Ver. 21,22. The Pharisees, in their lectures upon the law, usually thus prefaced, It was said by them of old time; this, saith Christ,

ye have heard. Thou shalt not kill: this was spoken by God in Mount Sinai, it was the sixth of the ten words then spoke.

And whosoever shall kill shall be in danger of the judgment: this now was the Pharisees’ addition, for we read of no such addition to the law as delivered, Exodus 20:13. Thus they mixed their traditions with the word of God, which possibly might be the reason of their saying rather, It was said by them of old time, than, "It was said by Moses," or, "It was said in the law of God"; for under that phrase, it was said by the ancients they both comprehended the law given by Moses to the ancient people of God, and also their own traditions and false glosses, which though not so ancient as the law, yet had obtained for some considerable time in the corrupt state of the Jews.

Shall be in danger of, or obnoxious unto, the judgment; not to the wrath and vengeance of God, of that they said nothing, but to those courts of judgment which sat amongst them, to administer justice in criminal causes. As if this law of God had been only intended to uphold peace, and to preserve human society and civil order.

Thou shalt not kill; that is, (as they interpreted), Thou shalt not, without a warrant from God, or from the law, actually take away the life of another. It appears by what followeth, that they extended not this law to unjustifiable passions in the heart, such as rash anger, malice, revengeful thoughts; nor to any opprobrious or revengeful words.

But I say unto you; I shall give you another sense of this law. The killing here forbidden is as well rash and causeless anger, and opprobrious, threatening speeches, as bloody actions.

Whosoever is angry with his brother without a cause shall be in danger of the judgment, &c. Our Saviour (as most interpreters judge) speaks this with allusion to the three courts amongst the Jews. The one was the court of three men, which only judged of smaller and lighter causes, not in capital causes. Another was their court of twenty-three men, which much answered our courts at Westminster. The third was their sanhedrim, consisting of seventy men, which answered our parliament. Some think that by the judgment is meant the first or second of the courts; by the council, the superior courts amongst the Jews. But the judgment of our reverend Dr. Lightfoot seemeth much more probable, that by the judgment is meant the judgment of God;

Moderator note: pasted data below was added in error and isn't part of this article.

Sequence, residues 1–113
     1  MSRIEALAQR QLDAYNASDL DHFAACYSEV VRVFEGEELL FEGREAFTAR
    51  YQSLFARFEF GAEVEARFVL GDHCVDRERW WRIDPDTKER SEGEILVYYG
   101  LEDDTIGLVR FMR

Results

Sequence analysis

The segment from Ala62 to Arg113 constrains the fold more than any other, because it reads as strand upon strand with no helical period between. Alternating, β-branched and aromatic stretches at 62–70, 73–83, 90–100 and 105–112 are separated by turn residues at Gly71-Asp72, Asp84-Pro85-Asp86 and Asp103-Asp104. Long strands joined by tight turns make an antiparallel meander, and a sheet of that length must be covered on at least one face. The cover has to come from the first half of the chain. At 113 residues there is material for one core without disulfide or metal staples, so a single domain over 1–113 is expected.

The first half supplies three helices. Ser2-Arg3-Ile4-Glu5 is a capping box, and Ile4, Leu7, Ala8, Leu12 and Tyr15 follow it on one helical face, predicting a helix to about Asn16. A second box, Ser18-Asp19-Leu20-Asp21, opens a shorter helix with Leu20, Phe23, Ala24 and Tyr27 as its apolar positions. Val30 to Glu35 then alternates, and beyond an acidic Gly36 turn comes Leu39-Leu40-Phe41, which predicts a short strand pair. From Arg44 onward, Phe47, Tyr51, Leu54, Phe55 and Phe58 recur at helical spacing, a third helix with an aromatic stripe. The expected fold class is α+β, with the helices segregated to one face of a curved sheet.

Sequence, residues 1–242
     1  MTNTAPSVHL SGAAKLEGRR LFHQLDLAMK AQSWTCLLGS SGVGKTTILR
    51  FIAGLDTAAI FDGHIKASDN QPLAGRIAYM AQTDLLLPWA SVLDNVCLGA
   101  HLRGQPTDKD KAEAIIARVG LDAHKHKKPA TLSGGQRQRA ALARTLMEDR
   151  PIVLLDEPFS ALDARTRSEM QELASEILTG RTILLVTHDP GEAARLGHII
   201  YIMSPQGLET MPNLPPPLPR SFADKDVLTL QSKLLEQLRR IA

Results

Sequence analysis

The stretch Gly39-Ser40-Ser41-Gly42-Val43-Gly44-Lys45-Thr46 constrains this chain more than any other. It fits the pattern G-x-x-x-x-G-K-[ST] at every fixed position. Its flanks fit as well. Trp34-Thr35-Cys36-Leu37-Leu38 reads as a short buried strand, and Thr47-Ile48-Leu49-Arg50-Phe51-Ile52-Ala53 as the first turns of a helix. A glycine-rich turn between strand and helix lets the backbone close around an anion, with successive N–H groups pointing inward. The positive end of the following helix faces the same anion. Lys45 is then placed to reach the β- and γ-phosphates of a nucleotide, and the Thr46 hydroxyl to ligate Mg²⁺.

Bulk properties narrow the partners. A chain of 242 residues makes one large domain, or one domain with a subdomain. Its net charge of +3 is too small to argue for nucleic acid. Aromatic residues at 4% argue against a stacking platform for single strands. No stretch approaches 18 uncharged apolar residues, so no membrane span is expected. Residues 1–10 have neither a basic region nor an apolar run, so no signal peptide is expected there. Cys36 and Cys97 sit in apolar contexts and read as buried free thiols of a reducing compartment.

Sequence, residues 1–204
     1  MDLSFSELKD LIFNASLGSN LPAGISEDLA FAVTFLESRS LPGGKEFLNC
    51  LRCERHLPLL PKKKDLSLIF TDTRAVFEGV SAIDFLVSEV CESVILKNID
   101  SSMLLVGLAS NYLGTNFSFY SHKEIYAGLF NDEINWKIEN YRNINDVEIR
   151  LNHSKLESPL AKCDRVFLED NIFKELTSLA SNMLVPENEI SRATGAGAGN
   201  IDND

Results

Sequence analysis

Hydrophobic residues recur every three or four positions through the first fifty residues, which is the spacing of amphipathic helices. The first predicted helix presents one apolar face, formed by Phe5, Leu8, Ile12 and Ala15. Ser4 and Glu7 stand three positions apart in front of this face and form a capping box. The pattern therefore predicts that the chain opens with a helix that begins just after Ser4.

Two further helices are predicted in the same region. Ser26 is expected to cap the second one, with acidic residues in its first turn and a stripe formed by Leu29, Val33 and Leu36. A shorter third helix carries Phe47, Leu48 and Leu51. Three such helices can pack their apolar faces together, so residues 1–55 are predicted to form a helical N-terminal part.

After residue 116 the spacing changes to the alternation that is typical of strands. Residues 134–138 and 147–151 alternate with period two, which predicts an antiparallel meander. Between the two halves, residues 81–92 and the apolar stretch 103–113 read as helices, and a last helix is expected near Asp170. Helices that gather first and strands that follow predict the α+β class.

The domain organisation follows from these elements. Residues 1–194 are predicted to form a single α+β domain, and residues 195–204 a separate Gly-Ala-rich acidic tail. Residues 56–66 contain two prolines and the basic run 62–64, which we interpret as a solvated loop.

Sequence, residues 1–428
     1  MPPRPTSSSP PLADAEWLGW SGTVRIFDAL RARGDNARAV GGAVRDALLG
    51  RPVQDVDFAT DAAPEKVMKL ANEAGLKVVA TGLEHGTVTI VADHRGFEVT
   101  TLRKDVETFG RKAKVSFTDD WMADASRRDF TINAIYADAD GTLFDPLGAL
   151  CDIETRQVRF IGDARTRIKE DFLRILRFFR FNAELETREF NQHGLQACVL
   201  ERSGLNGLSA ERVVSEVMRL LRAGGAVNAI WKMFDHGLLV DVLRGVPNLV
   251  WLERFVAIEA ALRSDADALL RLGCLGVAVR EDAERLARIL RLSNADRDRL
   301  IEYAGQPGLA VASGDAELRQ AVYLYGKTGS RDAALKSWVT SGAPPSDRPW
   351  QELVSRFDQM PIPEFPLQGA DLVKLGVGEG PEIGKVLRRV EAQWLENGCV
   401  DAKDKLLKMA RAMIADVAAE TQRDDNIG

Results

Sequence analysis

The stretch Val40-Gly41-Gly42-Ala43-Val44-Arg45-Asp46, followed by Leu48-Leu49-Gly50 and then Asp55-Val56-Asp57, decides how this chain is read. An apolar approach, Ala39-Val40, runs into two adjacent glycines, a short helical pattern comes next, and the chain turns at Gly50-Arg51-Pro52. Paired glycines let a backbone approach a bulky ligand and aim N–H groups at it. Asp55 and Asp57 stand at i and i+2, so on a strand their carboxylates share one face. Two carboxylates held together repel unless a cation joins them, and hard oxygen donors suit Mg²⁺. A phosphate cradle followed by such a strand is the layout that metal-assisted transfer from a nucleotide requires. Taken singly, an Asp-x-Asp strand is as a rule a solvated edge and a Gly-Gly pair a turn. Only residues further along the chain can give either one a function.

by the council and

hell fire, not only the judgment and vengeance of God, but the judgments and punishments that are inflicted in the courts of men, that are magistrates, and bear not the sword in vain: so as the sense is this: I say unto you, that if a man doth but in his heart nourish wrath and anger against another without a just cause, and lets it grow up into malice, and thoughts and desires of private revenge, though he be not by it obnoxious to courts of justice, who can only determine upon overt acts, yet he is accountable to God, and liable to his judgment: but if men suffer their passions to break out into reviling terms and language, such as

Raca, ( signifying a vain person), or, Thou fool, ( speaking this from anger or malice), they are not only liable to the eternal vengeance of God, compared to the fire of Gehenna, but ought to be subjected to the punishment of the civil magistrate. Every civil government being by the law of God, in order to the prevention of quarrels or bloodshed, (which often followeth revilings of each other), obliged to punish such offences, as being the beginnings of murder, provocations to it, and indications of murderous hearts, hearts full of that which in the eye of God is murder. But I say unto you,.... This is a Rabbinical way of speaking, used when a question is determined, and a false notion is refuted; it is a magisterial form of expression, and well suits with Christ, the great teacher and master in Israel; who spake as one having authority, opposing himself, not to the law of "Moses, thou shalt not kill"; but to the false gloss the ancient doctors had put upon it, with which their later ones agreed. You say, that if one man kills another himself, he is to be put to death by the sanhedrim; and if he does it by proxy, he is to be left to the judgment of God, so wholly restraining the law to actual murder; but I affirm, that